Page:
An article Saturday about Geraldine A. Ferraro incorrectly said that during a speech to the National Women's Political Caucus she accused President Reagan and conservative religious leaders of opposing busing for racial integration. She did not mention busing among a variety of issues that she said they opposed.

For a moment today, the old magic returned for Geraldine A. Ferraro. She was back in the spotlight, surrounded by the faithful.

Someone began shouting, "Gerry, Gerry," and soon the sound echoed throughout the hotel ballroom as hundreds of delegates to the National Women's Political Caucus jumped to their feet and joined the chant.

Ferraro, the defeated Democratic vice-presidential candidate, beamed. She was on a sentimental journey.

The former member of Congress from Queens said she came to thank the 77,000-member organization. "I will always be grateful to you for having an opportunity to play a part in the greatest democratic drama in the world," she said.

Ferraro was interrupted repeatedly by applause and shouts of approval when she attacked President Reagan and "male-dominated, conservative religious leaders" for opposing legalized abortion and busing for racial integration, issues that plagued Ferraro during her vice-presidential bid.

She said a woman's right to choose abortion "is inseparable from our struggle for political and economic independence."

"For millions, it is a very real question of money. For these women, it is the core of their freedom," she said.

"For poor women, it means a choice of being driven further into poverty by the cost of caring for a child she cannot afford. For teen-agers, it means a choice of not leaving high school or job-training programs," she added.

"Abortion is a personal decision, not a political one," Ferraro said. "The choice should be a woman's to make. It does not belong to Jerry Falwell [founder of the Moral Majority] or Ronald Reagan."

In a subsequent interview, Ferraro said she thinks that the abortion issue will haunt her if she decides to run for the U.S. Senate seat held by Alfonse M. D'Amato (R-N.Y.). She said she chose to emphasize it because she wants to make the dialogue about abortion "less one-sided."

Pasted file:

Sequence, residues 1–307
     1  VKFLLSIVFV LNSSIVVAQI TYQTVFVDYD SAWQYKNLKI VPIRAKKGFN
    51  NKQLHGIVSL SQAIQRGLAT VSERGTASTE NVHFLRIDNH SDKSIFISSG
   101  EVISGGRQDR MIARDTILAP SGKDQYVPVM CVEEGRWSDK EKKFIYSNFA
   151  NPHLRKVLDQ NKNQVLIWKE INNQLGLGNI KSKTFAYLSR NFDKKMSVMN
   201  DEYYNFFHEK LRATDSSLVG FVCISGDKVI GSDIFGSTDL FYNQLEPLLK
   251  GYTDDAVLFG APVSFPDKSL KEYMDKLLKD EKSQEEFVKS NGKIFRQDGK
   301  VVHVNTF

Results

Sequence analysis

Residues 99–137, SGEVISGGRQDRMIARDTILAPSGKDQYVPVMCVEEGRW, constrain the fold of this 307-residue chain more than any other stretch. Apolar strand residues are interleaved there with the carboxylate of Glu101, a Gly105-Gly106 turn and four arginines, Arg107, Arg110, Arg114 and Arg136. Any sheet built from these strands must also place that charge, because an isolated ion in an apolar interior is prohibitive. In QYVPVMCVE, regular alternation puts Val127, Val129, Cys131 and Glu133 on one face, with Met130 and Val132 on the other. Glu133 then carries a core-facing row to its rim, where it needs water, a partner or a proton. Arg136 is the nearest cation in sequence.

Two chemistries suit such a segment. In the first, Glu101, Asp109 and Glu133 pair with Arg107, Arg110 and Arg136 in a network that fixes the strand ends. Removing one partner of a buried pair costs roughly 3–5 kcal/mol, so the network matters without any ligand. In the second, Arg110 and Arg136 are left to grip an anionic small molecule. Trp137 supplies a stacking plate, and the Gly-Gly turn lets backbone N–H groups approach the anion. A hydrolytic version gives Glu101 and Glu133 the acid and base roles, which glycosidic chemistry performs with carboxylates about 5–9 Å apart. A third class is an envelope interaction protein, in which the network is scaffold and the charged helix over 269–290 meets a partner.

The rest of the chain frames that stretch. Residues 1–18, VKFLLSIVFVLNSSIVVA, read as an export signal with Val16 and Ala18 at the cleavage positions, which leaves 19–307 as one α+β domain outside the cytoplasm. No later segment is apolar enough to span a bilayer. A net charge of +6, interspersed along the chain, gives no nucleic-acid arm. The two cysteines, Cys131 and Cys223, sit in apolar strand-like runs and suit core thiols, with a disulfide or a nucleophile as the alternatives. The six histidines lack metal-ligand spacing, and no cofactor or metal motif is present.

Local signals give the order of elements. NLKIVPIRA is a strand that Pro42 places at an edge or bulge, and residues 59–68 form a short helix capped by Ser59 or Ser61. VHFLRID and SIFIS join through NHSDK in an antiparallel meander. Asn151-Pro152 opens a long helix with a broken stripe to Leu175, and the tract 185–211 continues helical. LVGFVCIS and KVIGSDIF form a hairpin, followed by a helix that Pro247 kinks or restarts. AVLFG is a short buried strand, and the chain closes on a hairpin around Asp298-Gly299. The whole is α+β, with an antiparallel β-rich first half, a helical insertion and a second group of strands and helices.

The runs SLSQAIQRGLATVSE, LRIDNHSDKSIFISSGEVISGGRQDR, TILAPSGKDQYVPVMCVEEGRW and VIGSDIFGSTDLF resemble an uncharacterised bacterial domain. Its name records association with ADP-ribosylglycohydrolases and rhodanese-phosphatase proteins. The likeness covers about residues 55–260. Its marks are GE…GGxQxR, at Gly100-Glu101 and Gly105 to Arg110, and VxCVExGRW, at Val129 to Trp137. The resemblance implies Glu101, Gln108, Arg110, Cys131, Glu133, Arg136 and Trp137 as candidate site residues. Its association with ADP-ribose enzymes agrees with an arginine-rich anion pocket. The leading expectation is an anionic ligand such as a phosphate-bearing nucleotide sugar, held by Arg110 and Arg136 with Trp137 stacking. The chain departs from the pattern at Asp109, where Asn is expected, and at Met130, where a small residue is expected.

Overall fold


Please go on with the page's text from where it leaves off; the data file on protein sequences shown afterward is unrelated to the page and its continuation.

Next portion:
Ferraro's appearance came two years after the convention of the women's political caucus heard the first tentative discussion about a woman on the Democratic Party's presidential ticket for 1984 and almost a year after Democratic presidential nominee Walter F. Mondale selected Ferraro as his running mate.

At that time, Ferraro's champions insisted that 1984 would be the year of closing the gender gap and that women were so angry with President Reagan that they would vote him out of office.

A majority of women, however, voted for Reagan, although they were less supportive of him than were men, according to exit polls. The number of women in the House and Senate did not increase, but the number of women state legislators rose by 99.

As delegates gathered for this four-day convention, which began Thursday, there was surprisingly little talk about Ferraro or what went wrong with her campaign.

"This is the kind of group that is anxious to welcome her, but we don't have time to dwell on her," convention chairwoman Kathy Wilson said. "This group loves her. Her success makes us proud."

Ferraro has gone on to other things. She has made a controversial television commercial for Pepsi-Cola, written a book and began a speaking tour, on which she made 43 speeches during the last two months.

Ferraro was one of five women who spoke during opening ceremonies here. The others were astronaut Sally Ride, civil rights leader Coretta Scott King, Atlanta businesswoman Betty Smulian and Flo Hyman, a member of the 1984 U.S. Olympic volleyball team.

Ferraro was mentioned during workshops today and Thursday. Republican pollster Linda DiVall said that, while Ferraro's nomination scared GOP strategists for "two or three weeks," they defused the women's vote by appealing to women's economic self-interests.

Democratic pollster Dotty Lynch said her party did little to cultivate women voters. "We put a woman on the ticket and said that was enough," she told one workshop.

In the interview, Ferraro delivered this assessment: "I think the election's over. I don't think we should blame anyone."